Tibetan medicine

Tibetan medicine is one of the most interesting and least studied systems of treatment, Indo-Tibetan, or, as it is commonly called, Tibetan medicine. It was formed in the 13th century on the basis of the Indian principles of healing. The first Tibetan works were translations from Sanskrit, and Tibetan medicine llamas used imported Indian raw materials. But it began to be missed, and doctors began to look for substitutes in their own flora. So gradually Tibetan medicine has acquired independence. In the 11th century, Yutkoboy Jr., a doctor, revised the Indian medical book "Yajur-Veda", taking into account the conditions of Tibet. This treatise "Chzhud-shi" - the basic fundamental guide to medicine consists of four volumes and contains 14 thousand poetic lines. The name "Zhud-shi" in translation means "secret eight-membered doctrine".

Tibetan medicine is one of the most interesting and least studied systems of treatment, Indo-Tibetan, or, as it is commonly called, Tibetan medicine

Tibetan medicine treats diseases with natural substances distinguishes eight classes of medicinal products: obtained from jewelry, from stones, from the ground; from trees, from grasses, from animals; medicines from juices and decoctions. In the 13th century, the Mongolian prince Godon invited him to treat a Tibetan doctor, and he managed to heal the prince. Thus, according to legend, Tibetan medicine penetrated Mongolia. Lamas made practical manuals for doctors, dictionaries of medical terms, zhiory - prescription directories in which they described the medicinal plants of Mongolia.

In the 17th century, Tibetan medicine for the treatment of diseases spread in Transbaikalia. The Buryat lamas themselves did not write theoretical works, but they also formed the zhores, united in later times into the manuals "Man-zhor." Even in the Middle Ages, Tibetan medicine interested the Europeans. In 1325, the French monk Odoric de Pardenone traveled in Tibet. In a short description of his wanderings, there is a mention of the original medical system, but almost no information about the methods of Tibetan healers. For the first time, a doctor, Saunders, who visited Tibet in 1783 with an expedition from the British Embassy, described in detail the diet, the system of treatment of water procedures and herbs. He brought to Europe seventy samples of medicinal raw materials. Scientifically studied Tibetan medicine began relatively recently - in the 19th century.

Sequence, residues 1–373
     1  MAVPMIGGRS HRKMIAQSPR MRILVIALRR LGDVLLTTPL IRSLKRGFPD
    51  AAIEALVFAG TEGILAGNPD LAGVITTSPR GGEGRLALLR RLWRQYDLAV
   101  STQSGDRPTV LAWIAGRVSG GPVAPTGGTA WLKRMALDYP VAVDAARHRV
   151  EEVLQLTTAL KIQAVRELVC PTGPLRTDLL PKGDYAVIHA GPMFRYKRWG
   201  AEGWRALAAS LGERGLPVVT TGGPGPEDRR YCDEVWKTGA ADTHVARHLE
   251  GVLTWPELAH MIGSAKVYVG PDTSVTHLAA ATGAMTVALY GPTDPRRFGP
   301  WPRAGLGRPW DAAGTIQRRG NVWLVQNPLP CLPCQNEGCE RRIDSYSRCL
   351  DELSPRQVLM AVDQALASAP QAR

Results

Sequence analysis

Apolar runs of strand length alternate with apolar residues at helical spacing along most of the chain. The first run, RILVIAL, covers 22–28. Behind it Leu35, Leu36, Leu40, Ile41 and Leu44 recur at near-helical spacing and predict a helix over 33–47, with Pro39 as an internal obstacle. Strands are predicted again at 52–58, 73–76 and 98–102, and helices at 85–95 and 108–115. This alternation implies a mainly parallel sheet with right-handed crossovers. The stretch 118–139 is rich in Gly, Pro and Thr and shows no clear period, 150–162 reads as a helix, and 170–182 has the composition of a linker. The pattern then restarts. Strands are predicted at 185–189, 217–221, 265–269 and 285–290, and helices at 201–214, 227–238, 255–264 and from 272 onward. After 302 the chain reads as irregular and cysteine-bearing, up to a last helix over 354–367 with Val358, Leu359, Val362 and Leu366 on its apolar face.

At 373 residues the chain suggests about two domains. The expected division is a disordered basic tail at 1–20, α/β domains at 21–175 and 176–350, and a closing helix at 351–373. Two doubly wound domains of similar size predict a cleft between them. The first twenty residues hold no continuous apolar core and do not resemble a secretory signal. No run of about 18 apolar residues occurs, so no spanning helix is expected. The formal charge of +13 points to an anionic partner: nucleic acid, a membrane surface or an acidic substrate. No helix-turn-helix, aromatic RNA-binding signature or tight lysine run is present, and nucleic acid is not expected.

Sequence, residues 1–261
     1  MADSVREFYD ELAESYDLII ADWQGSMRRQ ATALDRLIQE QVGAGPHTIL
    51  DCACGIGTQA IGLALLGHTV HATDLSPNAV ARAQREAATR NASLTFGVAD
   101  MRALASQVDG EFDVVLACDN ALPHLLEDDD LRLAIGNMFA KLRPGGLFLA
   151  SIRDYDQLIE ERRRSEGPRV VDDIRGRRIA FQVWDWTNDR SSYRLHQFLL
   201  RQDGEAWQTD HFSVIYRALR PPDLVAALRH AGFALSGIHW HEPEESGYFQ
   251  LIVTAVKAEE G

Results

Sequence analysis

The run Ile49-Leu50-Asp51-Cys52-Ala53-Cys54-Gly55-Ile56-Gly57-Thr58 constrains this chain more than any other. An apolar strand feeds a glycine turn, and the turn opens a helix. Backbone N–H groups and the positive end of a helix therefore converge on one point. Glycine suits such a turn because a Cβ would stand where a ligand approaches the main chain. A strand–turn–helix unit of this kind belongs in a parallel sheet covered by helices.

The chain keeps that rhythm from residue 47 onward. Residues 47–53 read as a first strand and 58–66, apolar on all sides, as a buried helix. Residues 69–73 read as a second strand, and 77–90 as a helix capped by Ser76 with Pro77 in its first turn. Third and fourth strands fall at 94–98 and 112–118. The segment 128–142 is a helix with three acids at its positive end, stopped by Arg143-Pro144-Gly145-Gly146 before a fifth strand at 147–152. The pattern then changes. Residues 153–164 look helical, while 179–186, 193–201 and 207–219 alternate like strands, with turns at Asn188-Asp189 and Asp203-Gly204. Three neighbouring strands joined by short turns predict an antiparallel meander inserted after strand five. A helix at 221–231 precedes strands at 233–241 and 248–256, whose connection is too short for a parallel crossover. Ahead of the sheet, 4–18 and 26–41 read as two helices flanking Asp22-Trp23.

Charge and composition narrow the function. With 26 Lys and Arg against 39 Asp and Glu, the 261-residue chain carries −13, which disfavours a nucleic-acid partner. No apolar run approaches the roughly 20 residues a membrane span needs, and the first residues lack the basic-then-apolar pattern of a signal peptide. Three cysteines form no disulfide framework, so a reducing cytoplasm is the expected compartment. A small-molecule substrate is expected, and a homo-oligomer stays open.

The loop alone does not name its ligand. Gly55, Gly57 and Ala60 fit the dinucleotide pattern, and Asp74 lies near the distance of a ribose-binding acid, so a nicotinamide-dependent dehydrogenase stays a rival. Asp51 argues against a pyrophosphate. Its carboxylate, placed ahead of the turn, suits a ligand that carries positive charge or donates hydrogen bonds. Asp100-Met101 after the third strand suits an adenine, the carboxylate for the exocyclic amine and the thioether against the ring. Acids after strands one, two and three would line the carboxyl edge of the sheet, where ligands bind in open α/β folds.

Life in Tibetan medicine is defined as "pulsation", and health and illnesses are deemed to depend on "pulsating" entities - "wind", "bile", "slime".

Of great importance is the Tibetan medicine that imparts to the body clean air and sun rays, dietetics. The therapy was based on the use of natural products of plant and animal origin (up to 1000 names of medicines): "There is no such substance in nature that would not be suitable as a medicine". The doctrine of medicines is divided into separate disciplines: the taste of medicines, their assimilation by the body, their action, the principle of their preparation.

Currently, traditional Tibetan medicine continues to be used in Tibet, India, Nepal, Bhutan, Russia (Siberia), China and Mongolia. In addition, in recent decades it has gained some popularity also in Europe, North America and other regions.